It's shoddy, and the fact I have to put a second script in practically the moment I get one to ensure they can get it out on time is atrocious, I think. But that's the South West for you.

    • Posted

      Trust me, jebjew, betsy is performing a public service for exposing this poison for what it really is. Unless you've been through the withdrawal, you really can't have an opinion about how someone feels about a medication. I try to warn everyone I can to stay off of venlafaxine.
    • Posted

      Thank you, j17344.  I spend a lot of time on the Surviving Antidepressants forum where just a tiny fraction of the harmed end up with their suffering at the hands of psych meds, so yes, I am trying to help people make an informed decision about the drugs they are taking or are about to take.  There are lots of other ways to deal with issues such as anxiety and depression that are much safer.
    • Posted

      I wish I'd known before starting just what an impact it has. Considering it's only marginally effective and helping with my BPD/depression/cyclothymia, if the pay off would be what I've been feeling recently I'd have steered clear. The doctor warned me of side effects that heart palpitations and stomach aches, but none of this.

      Thanks for sharing your experiences, I'm hoping I can talk to my psych about this when I see him next and see if there's a less… painful alternative (though the thought of coming of the drug and experiencing THIS again is stomach churning).

    • Posted

      Hi scottch. I wrote somewhere else on this website about the great success I'm having using Prozac (fluoxetine) to get off of the venlafaxine. I'll copy and paste  for your benefit - Trying to get off of venlafaxine was hellish for me. I felt a depression deeper and an anxiety more intense than any I had ever felt before I started taking it. What made it worse is that these feelings were occurring simultaneously (mixed state). It was pure anguish, I couldn't do it. Then, my doctor prescribed Prozac for the withdrawal and it works like a charm. I was originally on 225 mg of venlafaxine and have weaned down to nothing using 20 mg/day for three days then 40 mg on the fourth day. Then, I continue in that manner. That's where I am at this point. I don't plan on stopping the Prozac for quite a while because I know the withdrawal can last months and I don't want to feel that way for even a second. Supposedly, getting off the Prozac is easy/easier.  Hopefully, that helps. I just can't imagine having to go through that for several months.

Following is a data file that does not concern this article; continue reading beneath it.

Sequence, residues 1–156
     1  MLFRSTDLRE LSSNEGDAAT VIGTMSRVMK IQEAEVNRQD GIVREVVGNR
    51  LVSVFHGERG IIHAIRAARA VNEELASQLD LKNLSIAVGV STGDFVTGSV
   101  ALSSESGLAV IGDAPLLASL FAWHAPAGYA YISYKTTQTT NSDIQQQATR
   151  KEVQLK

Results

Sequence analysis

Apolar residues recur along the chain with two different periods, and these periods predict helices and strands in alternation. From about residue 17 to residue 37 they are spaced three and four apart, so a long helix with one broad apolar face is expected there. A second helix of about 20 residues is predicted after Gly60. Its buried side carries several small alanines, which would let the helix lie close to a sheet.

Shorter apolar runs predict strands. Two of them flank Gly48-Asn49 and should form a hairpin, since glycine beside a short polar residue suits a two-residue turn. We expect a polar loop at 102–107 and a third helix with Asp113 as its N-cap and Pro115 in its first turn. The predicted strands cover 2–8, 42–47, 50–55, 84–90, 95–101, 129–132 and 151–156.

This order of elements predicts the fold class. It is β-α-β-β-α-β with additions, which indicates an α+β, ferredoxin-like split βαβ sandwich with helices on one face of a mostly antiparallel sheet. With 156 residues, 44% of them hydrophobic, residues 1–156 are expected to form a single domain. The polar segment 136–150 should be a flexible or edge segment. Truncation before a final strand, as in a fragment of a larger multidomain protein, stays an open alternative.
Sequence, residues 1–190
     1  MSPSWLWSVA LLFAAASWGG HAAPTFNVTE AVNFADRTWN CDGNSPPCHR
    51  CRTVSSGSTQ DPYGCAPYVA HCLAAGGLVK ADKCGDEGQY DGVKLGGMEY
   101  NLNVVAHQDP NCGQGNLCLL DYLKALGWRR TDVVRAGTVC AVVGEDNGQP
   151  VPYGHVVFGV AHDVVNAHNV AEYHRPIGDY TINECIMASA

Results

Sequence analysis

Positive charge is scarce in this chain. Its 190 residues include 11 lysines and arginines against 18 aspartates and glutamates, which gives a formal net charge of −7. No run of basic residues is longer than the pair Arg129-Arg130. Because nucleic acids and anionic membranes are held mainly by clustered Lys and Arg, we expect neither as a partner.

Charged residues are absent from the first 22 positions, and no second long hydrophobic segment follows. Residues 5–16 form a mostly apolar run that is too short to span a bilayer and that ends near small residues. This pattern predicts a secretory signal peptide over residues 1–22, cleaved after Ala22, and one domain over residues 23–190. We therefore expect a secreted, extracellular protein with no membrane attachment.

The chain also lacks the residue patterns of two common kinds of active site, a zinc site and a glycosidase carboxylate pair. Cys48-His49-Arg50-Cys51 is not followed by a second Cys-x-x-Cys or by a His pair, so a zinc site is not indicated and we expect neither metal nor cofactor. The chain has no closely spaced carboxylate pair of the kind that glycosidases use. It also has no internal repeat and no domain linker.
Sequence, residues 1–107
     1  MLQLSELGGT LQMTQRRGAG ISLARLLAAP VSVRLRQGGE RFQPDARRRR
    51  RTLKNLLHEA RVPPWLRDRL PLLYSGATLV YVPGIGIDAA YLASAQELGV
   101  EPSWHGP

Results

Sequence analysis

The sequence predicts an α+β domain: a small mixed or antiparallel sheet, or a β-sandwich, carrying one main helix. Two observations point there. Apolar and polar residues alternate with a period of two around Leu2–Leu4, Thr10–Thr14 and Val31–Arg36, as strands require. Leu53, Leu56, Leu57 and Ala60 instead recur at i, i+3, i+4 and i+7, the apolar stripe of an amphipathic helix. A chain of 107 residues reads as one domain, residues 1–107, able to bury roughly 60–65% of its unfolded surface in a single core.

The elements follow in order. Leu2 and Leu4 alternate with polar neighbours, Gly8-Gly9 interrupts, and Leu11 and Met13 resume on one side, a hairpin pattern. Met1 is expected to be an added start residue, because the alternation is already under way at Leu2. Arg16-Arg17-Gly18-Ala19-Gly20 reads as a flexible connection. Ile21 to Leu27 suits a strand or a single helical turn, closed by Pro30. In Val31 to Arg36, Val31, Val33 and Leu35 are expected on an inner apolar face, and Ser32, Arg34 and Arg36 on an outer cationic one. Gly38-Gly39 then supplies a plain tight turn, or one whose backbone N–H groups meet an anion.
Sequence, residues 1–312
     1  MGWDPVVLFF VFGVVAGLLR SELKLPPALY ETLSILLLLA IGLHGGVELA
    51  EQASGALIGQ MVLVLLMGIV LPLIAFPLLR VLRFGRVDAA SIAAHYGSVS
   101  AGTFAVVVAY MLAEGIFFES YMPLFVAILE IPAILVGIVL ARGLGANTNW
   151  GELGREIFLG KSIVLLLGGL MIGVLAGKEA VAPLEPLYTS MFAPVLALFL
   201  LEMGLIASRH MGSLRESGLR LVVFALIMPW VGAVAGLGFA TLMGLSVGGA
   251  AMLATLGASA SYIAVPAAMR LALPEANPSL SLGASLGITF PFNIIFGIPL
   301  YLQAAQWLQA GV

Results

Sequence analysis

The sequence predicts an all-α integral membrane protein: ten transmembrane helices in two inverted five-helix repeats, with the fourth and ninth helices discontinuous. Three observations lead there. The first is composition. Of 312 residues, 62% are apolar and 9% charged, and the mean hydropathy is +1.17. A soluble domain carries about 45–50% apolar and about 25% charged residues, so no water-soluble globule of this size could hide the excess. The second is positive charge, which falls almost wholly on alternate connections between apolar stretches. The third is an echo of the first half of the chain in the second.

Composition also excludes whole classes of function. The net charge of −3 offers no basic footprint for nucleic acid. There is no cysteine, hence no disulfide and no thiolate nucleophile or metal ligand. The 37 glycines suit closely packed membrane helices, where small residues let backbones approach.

• Posted

      I have been through withdrawal and came off the medicine entirely back in April. 12 weeks later the original depression came back, just as it had been 20 years ago, so yes I know. I've been on plenty of other combinations before venlafaxine existed. They didn't work, I was non-functioning and the side effects of being *on* the drugs were dreadful. I've written plenty of posts about it. I'd have been dead these last 18 years without venlafaxine, so for me it is not poison.